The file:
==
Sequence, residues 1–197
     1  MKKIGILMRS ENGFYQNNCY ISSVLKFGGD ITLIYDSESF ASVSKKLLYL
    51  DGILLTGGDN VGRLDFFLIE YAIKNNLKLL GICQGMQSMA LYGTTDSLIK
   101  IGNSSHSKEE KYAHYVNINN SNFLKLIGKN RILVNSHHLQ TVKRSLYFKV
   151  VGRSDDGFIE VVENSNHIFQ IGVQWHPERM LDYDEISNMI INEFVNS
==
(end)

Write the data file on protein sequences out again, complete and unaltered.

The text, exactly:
Sequence, residues 1–197
     1  MKKIGILMRS ENGFYQNNCY ISSVLKFGGD ITLIYDSESF ASVSKKLLYL
    51  DGILLTGGDN VGRLDFFLIE YAIKNNLKLL GICQGMQSMA LYGTTDSLIK
   101  IGNSSHSKEE KYAHYVNINN SNFLKLIGKN RILVNSHHLQ TVKRSLYFKV
   151  VGRSDDGFIE VVENSNHIFQ IGVQWHPERM LDYDEISNMI INEFVNS